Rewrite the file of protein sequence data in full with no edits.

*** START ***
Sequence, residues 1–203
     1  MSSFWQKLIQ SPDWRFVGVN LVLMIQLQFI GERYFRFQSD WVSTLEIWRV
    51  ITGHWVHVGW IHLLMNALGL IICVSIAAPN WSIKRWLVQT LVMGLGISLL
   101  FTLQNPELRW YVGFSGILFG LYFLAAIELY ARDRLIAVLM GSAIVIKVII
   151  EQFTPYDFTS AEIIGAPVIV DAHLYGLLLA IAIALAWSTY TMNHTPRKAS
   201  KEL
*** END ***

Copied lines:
Sequence, residues 1–203
     1  MSSFWQKLIQ SPDWRFVGVN LVLMIQLQFI GERYFRFQSD WVSTLEIWRV
    51  ITGHWVHVGW IHLLMNALGL IICVSIAAPN WSIKRWLVQT LVMGLGISLL
   101  FTLQNPELRW YVGFSGILFG LYFLAAIELY ARDRLIAVLM GSAIVIKVII
   151  EQFTPYDFTS AEIIGAPVIV DAHLYGLLLA IAIALAWSTY TMNHTPRKAS
   201  KEL